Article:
What Are the Different Blood-Thinning Medications?

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  • Written By: Nicole Long
  • Edited By: Allegra J. Lingo
  • Last Modified Date: 01 October 2019
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Various blood-thinning medications help prevent complications associated with blood clots, including death. Some common blood-thinning medications include anticoagulants, such as warfarin and heparin. Other examples of blood thinners include those classified as antiplatelet medications, such as aspirin.

Patients suffering from or at risk for various diseases and conditions rely on blood thinners to reduce the risk of dangerous clots. Blood-thinning medications classified as anticoagulants help prevent blood clots from occurring by slowing the formation of blood clots in a patient’s body. Antiplatelet medications work to help stop platelets from forming a blood clot.

Those taking anticoagulants must undergo regular blood testing to monitor their blood levels. These tests allow physicians to adjust the dosage on an as needed basis to ensure the patient’s blood is not prone to clotting. Patients must also check with a pharmacist or physician before taking any over-the-counter medications. Those prescribed an anticoagulant, such as warfarin or heparin, should never take aspirin unless instructed to do so by a physician.

Warfarin is perhaps the most common type of anticoagulant prescribed to patients. Patients take daily doses of the medication based on individual needs. Those taking warfarin should also consume a consistent amount of foods containing Vitamin K, such as spinach, cauliflower, and lettuce. These foods can interfere with the efficiency of warfarin when consumed in erratic amounts.


Heparin is another common type of blood-thinning medication. Typically, this anticoagulant is given in the hospital as an intravenous medication. This medication can help break down existing blood clots while preventing the formation of new ones.

Antiplatelet medications, such as aspirin, are another option for some people at risk for blood clots. These blood-thinning medications should be taken as instructed by a physician. Aspirin is commonly prescribed for those recovering from or at risk for heart problems, such as a heart attack.

Combination medications may also be prescribed. Blood-thinning medications containing a combination of aspirin and dipyridamole can also help prevent blood clots from forming in those susceptible to blood clots. Side effects are minimal and can include headache, diarrhea, and abdominal discomfort.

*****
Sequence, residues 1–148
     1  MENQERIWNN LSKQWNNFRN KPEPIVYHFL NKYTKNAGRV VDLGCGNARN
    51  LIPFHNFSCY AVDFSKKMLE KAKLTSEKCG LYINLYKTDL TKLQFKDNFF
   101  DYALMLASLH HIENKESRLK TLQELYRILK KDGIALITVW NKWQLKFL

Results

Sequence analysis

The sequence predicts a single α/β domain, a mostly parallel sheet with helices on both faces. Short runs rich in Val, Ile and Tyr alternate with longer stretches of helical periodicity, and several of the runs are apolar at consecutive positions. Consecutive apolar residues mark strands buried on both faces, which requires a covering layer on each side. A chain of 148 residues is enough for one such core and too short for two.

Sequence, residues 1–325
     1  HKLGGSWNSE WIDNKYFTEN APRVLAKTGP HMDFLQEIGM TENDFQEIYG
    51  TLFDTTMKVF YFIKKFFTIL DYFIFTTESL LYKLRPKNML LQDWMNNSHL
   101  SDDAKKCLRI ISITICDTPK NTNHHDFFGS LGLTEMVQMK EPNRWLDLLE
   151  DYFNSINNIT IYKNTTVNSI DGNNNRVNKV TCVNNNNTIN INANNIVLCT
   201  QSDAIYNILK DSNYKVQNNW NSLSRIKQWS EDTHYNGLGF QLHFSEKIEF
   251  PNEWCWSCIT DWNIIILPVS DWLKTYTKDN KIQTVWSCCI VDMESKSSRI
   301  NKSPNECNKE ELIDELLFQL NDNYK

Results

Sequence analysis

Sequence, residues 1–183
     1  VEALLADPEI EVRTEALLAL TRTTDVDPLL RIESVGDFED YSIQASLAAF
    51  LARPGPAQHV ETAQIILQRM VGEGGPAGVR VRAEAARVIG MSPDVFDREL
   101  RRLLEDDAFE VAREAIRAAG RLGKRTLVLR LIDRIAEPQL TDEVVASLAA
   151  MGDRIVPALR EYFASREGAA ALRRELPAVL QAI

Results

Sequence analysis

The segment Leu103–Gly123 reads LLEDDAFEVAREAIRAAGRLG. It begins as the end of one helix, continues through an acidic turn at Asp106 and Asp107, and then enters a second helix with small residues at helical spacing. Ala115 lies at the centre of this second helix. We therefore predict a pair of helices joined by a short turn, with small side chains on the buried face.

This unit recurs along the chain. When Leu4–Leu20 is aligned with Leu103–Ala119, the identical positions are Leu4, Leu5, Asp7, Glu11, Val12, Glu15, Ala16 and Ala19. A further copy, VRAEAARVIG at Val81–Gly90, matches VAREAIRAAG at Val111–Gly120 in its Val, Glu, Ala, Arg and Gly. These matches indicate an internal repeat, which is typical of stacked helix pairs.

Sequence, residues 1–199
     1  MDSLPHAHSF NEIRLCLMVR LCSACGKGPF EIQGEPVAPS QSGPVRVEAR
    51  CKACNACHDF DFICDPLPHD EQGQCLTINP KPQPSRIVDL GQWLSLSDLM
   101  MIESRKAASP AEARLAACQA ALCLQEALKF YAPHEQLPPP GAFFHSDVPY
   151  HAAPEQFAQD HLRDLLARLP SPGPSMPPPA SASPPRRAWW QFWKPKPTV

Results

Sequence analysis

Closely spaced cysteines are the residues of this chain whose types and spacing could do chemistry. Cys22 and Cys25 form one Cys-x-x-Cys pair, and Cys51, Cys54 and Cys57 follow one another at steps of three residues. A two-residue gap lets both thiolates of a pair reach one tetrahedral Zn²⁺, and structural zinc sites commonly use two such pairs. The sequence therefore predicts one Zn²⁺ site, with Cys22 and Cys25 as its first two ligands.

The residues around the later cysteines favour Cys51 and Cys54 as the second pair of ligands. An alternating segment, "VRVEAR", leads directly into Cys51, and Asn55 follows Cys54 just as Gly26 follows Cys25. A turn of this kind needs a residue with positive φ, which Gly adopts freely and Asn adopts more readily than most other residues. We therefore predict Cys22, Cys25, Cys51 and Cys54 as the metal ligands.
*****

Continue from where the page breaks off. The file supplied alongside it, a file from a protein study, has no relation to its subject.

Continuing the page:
Those taking blood-thinning medications should keep an eye out for possible complications. This can include intestinal bleeding and easy bruising. Intestinal bleeding can be identified by checking stool for a black or tarry appearance. Any unusual symptoms or signs that develop while taking blood thinners should be discussed with a physician as soon as possible.


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Post 3

The fact that aspirin leads to thinner blood is one of the reasons they think that people who take an aspirin a day as a matter of course tend to live longer than people who don't.

I've read a couple of studies which say that. Of course, aspirin isn't perfect (and don't give it to your kids! It can have bad effects on children) and I'm not sure if they took into account whether this good effect is still present in a population without the kinds of heart disease that result from poor eating and exercise habits.

But, it's definitely something to think about. I know a lot of people who drink cups of green tea every day because they know it's good for you. Swallowing a tab of aspirin would be easier!

Post 2

@umbra21 - I agree. My father was one of those people who was sensitive to blood thinners and he had to have heart surgery at one point.

Thank god he was aware of this, just because he'd noticed that even with cold medication he would bleed more freely (to the point where he couldn't take it if he had injured himself, for example).

I'm not sure what they would have done if he hadn't known about that, but I don't think they would have checked if he hadn't told them outright that they needed to.

Post 1

Something interesting I learned recently, is that there is a percentage of the population that can't take warfarin, or at least, can't take it in large doses. And, you can find out if you are in this group by taking a DNA test.

I was looking up DNA tests in general because they seemed like an interesting idea, and I found one that pretty much gives you all the biological data that it's possible to get out of a DNA test these days.

And one of those results is to do with whether or not you are extra sensitive to blood thinner drugs, in particular Warfarin.

I had no idea they could tell that from a test that costs only $100. Seems like the kind of thing they should do as a matter of course before putting anyone on the drug, really.

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